Multifunctional forestry practices as a land use strategy to meet increasing private and public demands in modern societies
F. Schmithüsenhttps://doi.org/10.17221/2016-JFSCitation:Schmithüsen F. (2007): Multifunctional forestry practices as a land use strategy to meet increasing private and public demands in modern societies. J. For. Sci., 53: 290-298.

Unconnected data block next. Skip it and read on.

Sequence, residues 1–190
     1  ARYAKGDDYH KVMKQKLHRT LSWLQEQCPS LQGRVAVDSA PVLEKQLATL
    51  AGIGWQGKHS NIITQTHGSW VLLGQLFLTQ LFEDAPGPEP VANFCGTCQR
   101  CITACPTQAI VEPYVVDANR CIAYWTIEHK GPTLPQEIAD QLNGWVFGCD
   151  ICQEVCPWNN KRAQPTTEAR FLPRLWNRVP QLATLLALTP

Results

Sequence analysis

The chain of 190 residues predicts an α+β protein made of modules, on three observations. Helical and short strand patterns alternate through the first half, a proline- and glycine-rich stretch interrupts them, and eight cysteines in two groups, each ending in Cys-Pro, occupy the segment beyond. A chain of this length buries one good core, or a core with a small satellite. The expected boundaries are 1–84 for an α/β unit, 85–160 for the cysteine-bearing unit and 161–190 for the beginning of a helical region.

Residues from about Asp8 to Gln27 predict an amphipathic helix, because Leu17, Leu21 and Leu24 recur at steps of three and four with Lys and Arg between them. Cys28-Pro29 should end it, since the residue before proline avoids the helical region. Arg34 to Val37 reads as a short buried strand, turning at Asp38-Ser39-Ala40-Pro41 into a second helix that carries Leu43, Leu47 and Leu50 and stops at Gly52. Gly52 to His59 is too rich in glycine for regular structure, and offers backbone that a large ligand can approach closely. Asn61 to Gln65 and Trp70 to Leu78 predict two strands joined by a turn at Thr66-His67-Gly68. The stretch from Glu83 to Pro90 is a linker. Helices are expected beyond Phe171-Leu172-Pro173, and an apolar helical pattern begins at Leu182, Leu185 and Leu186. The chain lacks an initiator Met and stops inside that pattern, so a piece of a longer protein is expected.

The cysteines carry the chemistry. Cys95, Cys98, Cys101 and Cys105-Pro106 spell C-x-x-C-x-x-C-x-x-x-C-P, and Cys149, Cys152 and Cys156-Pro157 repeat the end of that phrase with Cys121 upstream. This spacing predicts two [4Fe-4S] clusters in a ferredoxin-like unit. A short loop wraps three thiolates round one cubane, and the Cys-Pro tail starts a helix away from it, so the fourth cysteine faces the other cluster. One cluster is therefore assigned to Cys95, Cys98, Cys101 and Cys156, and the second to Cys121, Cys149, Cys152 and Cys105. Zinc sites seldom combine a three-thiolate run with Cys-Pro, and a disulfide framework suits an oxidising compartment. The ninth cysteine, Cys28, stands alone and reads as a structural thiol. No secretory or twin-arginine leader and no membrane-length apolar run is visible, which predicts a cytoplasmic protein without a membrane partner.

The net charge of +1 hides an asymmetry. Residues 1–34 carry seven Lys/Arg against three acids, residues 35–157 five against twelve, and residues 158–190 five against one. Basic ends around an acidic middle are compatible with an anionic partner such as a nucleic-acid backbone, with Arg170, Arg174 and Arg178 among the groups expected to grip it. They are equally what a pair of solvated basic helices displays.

The present distribution of forests and the degree of their transformation by man are the results of natural factors and cultural development. The limit between forested areas and open spaces, as well as differences between intensively used forests and those showing small or no traces of human intervention, is determined by social needs and values, economic opportunities, and political regulations. Forests are currently perceived by the population as physical and social spaces profoundly influenced by timber use and forest management. Their social and political significance is in full evolution. The multiple demands on forests in a rapidly evolving economic, social, and political environment require maintaining a high level of forest management standards and a flexible adaptation of multiple-use forestry to the complex interactions between the private and public sectors.Keywords:forestry development; multifunctional land use; environmental perception; nontimber benefits; forest policy